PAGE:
Why Did My Dog Kill My Cat?

Best friends or deadly enemies?


Why Did My Dog Kill My Cat or My Neighbor's Cat?

Let's face it: it's sometimes quite inevitable for a dog owner to perceive their dog quite differently after the dog ends up killing their cat or the neighbor's cat. Many thoughts may go in the dog owner's mind such as "why did my dog do this? what happened exactly? is this a sign my dog is aggressive? does this mean my dog may decide to now also kill other dogs, animals and are my children at risk now? Often dog owners are shocked that their dog managed to kill an animal especially when such animal was a cherished pet. Sometimes dog owners are so distraught by the whole experience, they feel like they own a monster and even consider giving up their dog or in some severe cases even putting him down.

Before taking drastic measures and considering the dog evil, it's important to better understand the behavior and get a better grasp on what likely happened. There may be many different causes for this behavior. If you were able to witness the behavior, you may get some clues by considering what happened before. Did your dog chase the cat? Did the cat come too close to a resource? Did the cat come in your dog's property? Were the cat and dog playing? We will take a closer look at some potential causes and tips on how to deal with the situation to prevent this from happening again. Understanding what may have happened requires distancing yourself from the horrific event and seeing beyond the emotions.

Dogs Who Chase and Kill Fleeing Cats

If your dog started chasing after a fleeing cat and ended up fatally wounding the cat, consider that it may be difficult to grasp, but this may be totally normal behavior. One may say: "how can it be normal behavior? I never thought my dog would do something so horrible!" I actually felt the same way when my friend told me that a kitten I gave her was killed by a neighbor's pack of Cirneco dell' Etna hunting dogs. Every time I saw those dogs I thought of them as evil beings with fangs ready to kill any cat that walked by. Today, I see things differently. The problem is that as humans, we often tend to attribute human traits to dogs something known as "anthropomorphism." Unlike us, dogs do not have moral values and act out of instinct, which is simply part of being a dog, just as killing mice may be part of being a cat.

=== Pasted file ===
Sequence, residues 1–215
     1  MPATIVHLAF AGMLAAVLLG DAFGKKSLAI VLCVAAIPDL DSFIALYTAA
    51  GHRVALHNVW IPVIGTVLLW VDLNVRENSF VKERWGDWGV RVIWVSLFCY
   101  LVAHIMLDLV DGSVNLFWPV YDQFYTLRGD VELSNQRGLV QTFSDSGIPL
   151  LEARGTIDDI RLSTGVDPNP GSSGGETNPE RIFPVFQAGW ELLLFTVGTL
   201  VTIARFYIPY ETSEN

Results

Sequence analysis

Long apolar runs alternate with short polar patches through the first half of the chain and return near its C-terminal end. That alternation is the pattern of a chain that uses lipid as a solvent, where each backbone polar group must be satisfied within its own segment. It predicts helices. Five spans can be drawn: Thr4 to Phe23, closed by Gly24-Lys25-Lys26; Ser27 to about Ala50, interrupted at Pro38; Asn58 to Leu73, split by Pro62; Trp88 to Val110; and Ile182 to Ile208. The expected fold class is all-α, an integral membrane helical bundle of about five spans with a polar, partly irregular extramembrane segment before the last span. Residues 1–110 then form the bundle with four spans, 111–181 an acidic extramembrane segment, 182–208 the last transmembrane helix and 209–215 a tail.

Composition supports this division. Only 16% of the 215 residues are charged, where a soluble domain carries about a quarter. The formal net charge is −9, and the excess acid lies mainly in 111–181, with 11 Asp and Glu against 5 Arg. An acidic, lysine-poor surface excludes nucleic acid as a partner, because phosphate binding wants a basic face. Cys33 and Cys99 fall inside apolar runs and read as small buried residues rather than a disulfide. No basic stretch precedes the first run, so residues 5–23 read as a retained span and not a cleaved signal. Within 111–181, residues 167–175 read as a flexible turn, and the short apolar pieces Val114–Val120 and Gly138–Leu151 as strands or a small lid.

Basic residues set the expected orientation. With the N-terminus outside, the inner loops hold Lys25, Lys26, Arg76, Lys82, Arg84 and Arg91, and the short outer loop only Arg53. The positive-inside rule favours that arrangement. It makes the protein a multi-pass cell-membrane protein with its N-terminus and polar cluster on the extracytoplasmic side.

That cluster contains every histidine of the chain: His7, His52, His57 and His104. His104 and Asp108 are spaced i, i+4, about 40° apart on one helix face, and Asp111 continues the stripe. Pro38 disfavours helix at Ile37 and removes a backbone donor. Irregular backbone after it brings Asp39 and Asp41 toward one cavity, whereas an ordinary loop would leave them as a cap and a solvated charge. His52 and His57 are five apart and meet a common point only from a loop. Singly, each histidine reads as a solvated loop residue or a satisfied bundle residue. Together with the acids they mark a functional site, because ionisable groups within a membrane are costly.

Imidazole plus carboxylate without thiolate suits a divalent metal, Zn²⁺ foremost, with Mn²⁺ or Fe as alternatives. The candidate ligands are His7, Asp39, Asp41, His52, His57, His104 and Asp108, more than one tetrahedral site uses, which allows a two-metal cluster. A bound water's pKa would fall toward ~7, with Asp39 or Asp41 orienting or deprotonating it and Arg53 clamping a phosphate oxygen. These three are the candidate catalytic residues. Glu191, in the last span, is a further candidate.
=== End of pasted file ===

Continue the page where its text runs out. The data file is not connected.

Chasing a fleeing cat (or a squirrel, rabbit or mouse) is as normal as it was for our ancestors to go hunting and for our food industry to keep stocking up the meat departments in our grocery stores to allow us to eat steak and ribs. The instinct to chase and kill fleeing animals stems from the dog's past. To fully understand predatory behavior in dogs all we need to do is to go back in ancient times when the dog's ancestors didn't depend on humans for food as dogs do today. Let's take a brief look at how predatory behavior works.

Before dogs were domesticated and fed kibble from a shiny bowl, dog's ancestors were hunters at heart. What is predatory behavior? It's an animal's ability to track down, chase and kill animals for food. All dogs have a certain level of predatory drive. The fact your dog is eager to chase a ball or shake a toy is because of this drive. Hunting and killing was a way of life in a dog's evolutionary past.